Three new social science research initiatives will provide insights on the mental health of youth in prison, the abilities of youth on the autism spectrum and other key issues of our society. The research and scholarship are funded by Joseph P. Healey grants, awarded by the UMass President’s Office and UMass Lowell’s Vice Provost for Research.
“Steampunkinetics: Building Art into Science” is an art and technology program for adolescents and young adults with autism spectrum disorders (ASD). Directed by Psychology Asst. Prof. Ashleigh Hillier, who conducts research and runs a number of programs for ASD youth, the program includes collaboration with working artists: Bruce Rosenbaum, head of ModVic, a steampunk design company; and Mauricio Cordero, executive director of Mill No. 5 in Lowell.
Steampunk is an artistic movement that melds elements of Victorian-era history, particularly steam power, with modern technology and fantasy. Works of steampunk often feature futuristic ideas as Victorians might have envisioned them.
“Steampunk is a good fit for those with ASD, whose skills often include phenomenal attention to detail, highly creative and divergent thinking and an emphasis on mechanics,” says Hillier. Participants will design and create kinetic art objects, incorporating technology and engineering, working in small groups led by undergraduate and graduate students.
Mental Health of Youth in Prison
Youth are also the subject of a study by Asst. Prof. Stephanie Block and Prof. Doreen Arcus, both of the Psychology Department. They are undertaking a study to identify learning disabilities and other mental health issues among youth, ages 12 to 16, who are incarcerated in juvenile corrections facilities.
While the Department of Youth Services already conducts clinical assessments before young people are incarcerated, this study will include much more detailed evaluation of 30 individuals to assess their learning, cognition, attention and trauma history and symptoms.
“Nationally, we know that youth with mental health needs and learning disabilities are overrepresented in corrections facilities, and Massachusetts is no different,” says Arcus. “It’s a common misperception that these problems are simply bad behavior that goes along with the delinquency that put the youth into custody in the first place.”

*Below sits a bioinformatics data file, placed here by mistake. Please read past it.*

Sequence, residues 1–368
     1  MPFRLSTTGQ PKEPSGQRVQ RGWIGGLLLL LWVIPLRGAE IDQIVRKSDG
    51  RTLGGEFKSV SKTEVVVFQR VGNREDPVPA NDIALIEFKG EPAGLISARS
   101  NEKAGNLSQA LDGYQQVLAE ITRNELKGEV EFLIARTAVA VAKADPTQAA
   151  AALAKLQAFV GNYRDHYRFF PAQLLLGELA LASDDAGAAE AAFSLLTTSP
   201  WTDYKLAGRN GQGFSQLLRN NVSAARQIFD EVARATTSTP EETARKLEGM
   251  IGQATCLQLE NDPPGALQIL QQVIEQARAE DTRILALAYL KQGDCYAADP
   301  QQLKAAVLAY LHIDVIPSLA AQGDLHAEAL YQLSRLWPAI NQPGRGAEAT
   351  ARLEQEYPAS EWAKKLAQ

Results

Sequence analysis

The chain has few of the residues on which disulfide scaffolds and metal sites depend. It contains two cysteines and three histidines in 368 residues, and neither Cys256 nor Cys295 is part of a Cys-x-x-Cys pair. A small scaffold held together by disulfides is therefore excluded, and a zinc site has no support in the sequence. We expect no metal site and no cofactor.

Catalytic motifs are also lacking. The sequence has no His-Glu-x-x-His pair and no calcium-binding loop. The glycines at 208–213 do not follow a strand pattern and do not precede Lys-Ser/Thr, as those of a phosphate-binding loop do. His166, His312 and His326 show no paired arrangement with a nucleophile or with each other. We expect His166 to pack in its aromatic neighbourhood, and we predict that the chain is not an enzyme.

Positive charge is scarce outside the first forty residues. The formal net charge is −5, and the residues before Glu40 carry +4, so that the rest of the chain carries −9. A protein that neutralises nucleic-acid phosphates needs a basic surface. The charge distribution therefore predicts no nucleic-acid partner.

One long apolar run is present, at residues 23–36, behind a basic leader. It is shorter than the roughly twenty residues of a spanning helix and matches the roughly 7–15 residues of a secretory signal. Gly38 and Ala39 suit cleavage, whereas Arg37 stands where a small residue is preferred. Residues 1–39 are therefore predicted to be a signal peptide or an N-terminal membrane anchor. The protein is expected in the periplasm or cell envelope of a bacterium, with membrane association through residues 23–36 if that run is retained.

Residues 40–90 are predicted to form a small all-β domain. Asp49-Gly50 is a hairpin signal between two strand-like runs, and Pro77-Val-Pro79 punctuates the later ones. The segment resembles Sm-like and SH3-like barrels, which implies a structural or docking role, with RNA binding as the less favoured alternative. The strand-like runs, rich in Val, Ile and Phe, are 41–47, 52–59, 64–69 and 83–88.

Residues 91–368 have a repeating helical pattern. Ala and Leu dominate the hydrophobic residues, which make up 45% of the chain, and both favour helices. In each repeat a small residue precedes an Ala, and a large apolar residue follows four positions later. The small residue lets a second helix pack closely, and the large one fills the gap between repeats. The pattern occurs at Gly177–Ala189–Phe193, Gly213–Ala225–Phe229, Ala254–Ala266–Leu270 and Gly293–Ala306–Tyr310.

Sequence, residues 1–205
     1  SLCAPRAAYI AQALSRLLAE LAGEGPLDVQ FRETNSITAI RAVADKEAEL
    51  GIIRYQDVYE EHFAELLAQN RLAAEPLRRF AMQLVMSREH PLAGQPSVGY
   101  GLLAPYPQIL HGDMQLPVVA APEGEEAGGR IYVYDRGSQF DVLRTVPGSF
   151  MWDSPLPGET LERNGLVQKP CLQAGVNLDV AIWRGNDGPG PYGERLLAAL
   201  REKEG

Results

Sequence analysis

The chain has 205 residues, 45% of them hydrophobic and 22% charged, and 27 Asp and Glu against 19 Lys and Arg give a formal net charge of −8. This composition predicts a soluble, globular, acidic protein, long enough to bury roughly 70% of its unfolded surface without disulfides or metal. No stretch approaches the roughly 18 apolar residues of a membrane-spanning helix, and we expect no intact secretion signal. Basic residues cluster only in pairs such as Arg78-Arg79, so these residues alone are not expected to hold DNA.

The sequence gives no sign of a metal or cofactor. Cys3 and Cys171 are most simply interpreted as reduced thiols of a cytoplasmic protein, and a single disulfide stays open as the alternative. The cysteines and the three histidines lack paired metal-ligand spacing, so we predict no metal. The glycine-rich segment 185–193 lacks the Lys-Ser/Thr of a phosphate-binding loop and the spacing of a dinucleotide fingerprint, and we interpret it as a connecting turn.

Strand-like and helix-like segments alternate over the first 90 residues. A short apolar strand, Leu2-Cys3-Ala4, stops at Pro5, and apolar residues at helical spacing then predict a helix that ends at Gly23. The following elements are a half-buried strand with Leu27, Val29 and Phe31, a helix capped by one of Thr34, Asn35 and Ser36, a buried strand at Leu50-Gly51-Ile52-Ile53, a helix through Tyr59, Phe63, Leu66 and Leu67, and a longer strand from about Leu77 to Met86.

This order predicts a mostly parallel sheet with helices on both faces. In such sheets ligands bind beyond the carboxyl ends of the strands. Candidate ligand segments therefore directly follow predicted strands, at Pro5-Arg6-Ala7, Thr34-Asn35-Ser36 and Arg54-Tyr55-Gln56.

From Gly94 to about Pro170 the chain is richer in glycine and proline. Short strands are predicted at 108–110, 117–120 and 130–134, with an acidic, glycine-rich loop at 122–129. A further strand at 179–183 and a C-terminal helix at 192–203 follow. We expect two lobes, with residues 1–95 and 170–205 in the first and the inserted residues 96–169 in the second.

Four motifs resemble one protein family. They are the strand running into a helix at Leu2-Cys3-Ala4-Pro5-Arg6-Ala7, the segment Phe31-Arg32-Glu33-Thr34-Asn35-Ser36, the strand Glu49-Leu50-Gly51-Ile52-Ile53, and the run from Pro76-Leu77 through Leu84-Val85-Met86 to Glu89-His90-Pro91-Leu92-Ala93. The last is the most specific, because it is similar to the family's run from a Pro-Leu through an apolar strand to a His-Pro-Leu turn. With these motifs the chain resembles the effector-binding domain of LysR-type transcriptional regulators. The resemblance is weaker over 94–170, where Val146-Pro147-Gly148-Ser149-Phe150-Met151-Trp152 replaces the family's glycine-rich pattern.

“We are also interested in assessing crossover youth, those who are in the custody both of the Department of Children and Families and the Division of Youth Services,” says Block.
The researchers have found evidence that learning and emotional problems predate misbehaviors. Their goal is to increase understanding of how such problems may contribute to delinquency. Ultimately, they will identify areas for possible prevention and intervention in the school-to-prison pipeline.
Arcus and Block are both members of the Juvenile Justice Interest Group at UMass Medical School, which includes researchers from many disciplines, where they will share and discuss the results. Also, they will share results with community initiative groups, including the Children’s Defense Fund in Massachusetts and the Juvenile Detention Alternatives Initiative in Middlesex County. They are active in the coalition led by Juvenile Court Judge Jay Blitzman that brings together members of state agencies, the justice system and the Lowell Public Schools.
Teen “sexting” behavior is just one of the student-faculty collaborative research projects sponsored by the Emerging Scholars program, through which advanced undergraduate students have the opportunity to engage in yearlong research collaboration with a professor. Projects are interdisciplinary, providing students with real-world experience to extend their classroom learning, while the application and screening process ensures that advanced student provide real skill and support to faculty scholarship.
“Since students are selected as cohorts, they benefit from training, group meetings and the support of a program coordinator,” says Sociology Prof. Mignon Duffy, who directs the program through the Center for Women and Work. “The faculty have developed strong mentoring relationships with their students, which is particularly helpful as they pursue research positions or advanced studies.”
“Teens, Sex and Technology” is a study led by Assoc. Prof. Andrew Harris of the Criminal Justice and Criminology Department, with Assoc. Prof. Judith Davidson of the Graduate School of Education. In its second year and funded by the Office of Juvenile Justice and Delinquency Prevention in the U.S. Department of Justice, the project is a three-state, multidisciplinary, mixed methods study of teens’, parents’ and educators’ views of sexting.
In October, the researchers will share their findings with participants and work together to build a prevention program.